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U.S. Customs and Border Protection drones pass privacy test

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Monday, Oct. 6, 2014

By Stephen Hicks


ANALISE ORTIZ/CRONKITE NEWS: U.S. Customs and Border Protection is using drones to try and stop illegal immigration along the border, but are these drones invading your privacy? Stephen Hicks is in our Washington, D.C., bureau with the answer.

STEPHEN HICKS/CRONKITE NEWS: This week, Congress received an audit of Customs and Border Protection’s use of drones that showed that they do have policies in place to comply with existing privacy laws. U.S. Customs and Border Protection passed the privacy test.

REBECCA GAMBLER/GAO DIRECTOR, HOMELAND SECURITY AND JUSTICE: We did not specifically give CBP a grade in our report but…

STEPHEN HICKS/CRONKITE NEWS: But the GAO (Government Accountability Office) did find that Border Protection, in its use of drones, has an oversight framework with policies for following civil liberties laws – policies like yearly privacy awareness training for all employees, as well as limiting the access of captured images to those with a need to know.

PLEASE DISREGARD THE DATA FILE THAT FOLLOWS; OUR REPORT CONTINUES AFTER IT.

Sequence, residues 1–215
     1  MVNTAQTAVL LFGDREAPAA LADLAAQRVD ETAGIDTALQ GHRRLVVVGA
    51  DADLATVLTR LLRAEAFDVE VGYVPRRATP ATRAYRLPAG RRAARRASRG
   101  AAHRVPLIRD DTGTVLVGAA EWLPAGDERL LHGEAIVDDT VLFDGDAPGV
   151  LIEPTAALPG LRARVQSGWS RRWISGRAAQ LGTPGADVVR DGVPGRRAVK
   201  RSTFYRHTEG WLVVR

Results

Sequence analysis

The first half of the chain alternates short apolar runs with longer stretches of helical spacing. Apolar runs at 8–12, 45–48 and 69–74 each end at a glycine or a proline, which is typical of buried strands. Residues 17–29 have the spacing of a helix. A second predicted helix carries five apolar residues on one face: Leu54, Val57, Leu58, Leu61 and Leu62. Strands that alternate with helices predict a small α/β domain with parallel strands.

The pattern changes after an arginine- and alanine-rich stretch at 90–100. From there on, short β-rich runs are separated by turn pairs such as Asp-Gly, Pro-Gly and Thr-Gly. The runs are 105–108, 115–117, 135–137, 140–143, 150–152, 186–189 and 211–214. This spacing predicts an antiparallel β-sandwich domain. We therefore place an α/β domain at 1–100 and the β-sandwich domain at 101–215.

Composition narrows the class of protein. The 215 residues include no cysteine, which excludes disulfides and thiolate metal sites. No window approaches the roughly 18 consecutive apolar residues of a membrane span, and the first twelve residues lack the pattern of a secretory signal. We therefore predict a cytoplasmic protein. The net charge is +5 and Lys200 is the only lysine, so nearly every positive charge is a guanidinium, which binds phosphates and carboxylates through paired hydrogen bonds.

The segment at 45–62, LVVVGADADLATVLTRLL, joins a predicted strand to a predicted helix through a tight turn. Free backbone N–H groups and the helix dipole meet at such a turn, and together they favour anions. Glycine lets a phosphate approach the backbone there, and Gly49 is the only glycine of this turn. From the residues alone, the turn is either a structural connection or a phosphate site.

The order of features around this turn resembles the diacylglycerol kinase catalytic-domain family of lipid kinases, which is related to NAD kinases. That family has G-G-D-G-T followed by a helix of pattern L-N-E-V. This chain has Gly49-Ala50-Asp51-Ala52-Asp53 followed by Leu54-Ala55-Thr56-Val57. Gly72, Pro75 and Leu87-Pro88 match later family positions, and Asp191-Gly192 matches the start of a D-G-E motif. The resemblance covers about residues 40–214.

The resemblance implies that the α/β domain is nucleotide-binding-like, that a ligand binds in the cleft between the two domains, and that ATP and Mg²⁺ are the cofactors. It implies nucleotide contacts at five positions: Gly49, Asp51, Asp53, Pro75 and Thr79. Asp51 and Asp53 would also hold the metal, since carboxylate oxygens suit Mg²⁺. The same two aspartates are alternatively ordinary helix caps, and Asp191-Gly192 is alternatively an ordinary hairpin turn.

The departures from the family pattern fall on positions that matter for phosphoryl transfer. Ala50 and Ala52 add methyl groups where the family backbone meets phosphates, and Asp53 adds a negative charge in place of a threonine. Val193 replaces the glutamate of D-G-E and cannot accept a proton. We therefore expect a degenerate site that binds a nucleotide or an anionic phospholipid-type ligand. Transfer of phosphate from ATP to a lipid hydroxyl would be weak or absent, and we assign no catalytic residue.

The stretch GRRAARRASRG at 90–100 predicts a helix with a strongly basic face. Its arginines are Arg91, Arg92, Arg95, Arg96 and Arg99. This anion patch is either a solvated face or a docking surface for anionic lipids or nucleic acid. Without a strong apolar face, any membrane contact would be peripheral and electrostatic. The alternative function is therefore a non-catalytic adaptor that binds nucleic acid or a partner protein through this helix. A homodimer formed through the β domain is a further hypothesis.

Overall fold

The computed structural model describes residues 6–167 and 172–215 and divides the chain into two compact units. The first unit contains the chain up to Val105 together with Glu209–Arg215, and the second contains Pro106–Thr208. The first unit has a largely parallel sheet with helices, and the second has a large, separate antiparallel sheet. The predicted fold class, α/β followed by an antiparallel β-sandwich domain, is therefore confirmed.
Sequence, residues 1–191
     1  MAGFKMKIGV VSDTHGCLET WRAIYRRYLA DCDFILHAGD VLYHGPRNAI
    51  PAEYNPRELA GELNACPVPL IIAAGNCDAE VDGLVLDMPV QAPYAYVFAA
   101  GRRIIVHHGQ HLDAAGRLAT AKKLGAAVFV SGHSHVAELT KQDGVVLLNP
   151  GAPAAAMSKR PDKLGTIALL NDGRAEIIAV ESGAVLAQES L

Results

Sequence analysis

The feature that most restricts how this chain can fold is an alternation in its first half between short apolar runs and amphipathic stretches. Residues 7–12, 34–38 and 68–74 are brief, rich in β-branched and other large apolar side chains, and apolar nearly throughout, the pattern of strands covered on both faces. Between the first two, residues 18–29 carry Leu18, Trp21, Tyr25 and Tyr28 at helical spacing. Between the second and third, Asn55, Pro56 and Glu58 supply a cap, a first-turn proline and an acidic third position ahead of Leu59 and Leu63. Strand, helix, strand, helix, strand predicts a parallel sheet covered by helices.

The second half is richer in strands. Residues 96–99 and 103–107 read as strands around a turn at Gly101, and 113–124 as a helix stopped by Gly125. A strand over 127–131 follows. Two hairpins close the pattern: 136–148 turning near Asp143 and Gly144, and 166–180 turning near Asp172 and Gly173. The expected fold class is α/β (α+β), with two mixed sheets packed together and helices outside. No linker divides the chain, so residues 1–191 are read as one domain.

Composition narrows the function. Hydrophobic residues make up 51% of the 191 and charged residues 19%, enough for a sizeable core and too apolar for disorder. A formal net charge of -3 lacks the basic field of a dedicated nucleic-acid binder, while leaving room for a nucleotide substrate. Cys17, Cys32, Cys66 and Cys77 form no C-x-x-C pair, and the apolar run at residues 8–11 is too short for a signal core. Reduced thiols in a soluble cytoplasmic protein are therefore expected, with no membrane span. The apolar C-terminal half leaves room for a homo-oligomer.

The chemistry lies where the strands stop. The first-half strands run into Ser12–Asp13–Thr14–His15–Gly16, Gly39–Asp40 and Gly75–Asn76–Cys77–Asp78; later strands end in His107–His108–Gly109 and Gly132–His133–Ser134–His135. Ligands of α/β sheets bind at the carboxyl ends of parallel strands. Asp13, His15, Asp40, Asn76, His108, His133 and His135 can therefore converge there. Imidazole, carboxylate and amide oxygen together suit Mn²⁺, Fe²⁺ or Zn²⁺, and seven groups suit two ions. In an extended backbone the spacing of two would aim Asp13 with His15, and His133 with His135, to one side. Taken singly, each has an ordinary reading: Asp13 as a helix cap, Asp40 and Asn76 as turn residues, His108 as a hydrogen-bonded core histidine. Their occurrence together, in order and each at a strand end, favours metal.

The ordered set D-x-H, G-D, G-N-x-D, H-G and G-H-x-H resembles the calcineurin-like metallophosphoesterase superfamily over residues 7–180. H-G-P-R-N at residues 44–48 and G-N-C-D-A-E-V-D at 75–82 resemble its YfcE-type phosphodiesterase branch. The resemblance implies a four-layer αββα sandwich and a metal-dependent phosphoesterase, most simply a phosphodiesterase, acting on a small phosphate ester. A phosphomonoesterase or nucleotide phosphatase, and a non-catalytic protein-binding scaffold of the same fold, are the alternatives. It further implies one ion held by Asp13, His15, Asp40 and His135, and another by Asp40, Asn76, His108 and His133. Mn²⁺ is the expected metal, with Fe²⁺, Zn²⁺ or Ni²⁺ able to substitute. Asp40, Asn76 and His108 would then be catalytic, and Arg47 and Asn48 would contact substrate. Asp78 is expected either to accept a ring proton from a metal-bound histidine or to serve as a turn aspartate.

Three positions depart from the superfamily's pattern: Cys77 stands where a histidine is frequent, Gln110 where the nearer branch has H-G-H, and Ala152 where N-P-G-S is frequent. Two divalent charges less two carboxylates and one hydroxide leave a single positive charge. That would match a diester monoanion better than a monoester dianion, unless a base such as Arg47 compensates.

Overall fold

The original report, done by the Department of Homeland Security, failed to answer one important question.

REBECCA GAMBLER/GAO DIRECTOR, HOMELAND SECURITY AND JUSTICE: They did not specifically discuss the extent to which CBP’s UAS (unmanned aerial systems) were operating within border and coastal areas. And so to provide that information we did our own analysis.

STEPHEN HICKS/CRONKITE NEWS: They found over 10,000 drone flight-hours along the Southwest border from fiscal year 2011 to April 2014, or 57 percent of the total drone usage across the country. Arizona Congressman Ed Pastor, who is on the House committee that mandated the report, didn’t have a chance to read the report but did speak to its importance.

REP. ED PASTOR/D-PHOENIX: A drone can be effective in law enforcement, but it also has to ensure that the privacy rights of individuals who are not connected to that investigation are protected.

STEPHEN HICKS/CRONKITE NEWS: Customs and Border Protection has not issued a comment on the report, but according to its website, among its other uses, the drones are used by border patrol to detect the entry of goods and persons on the border. In Washington, D.C., Stephen Hicks, Cronkite News.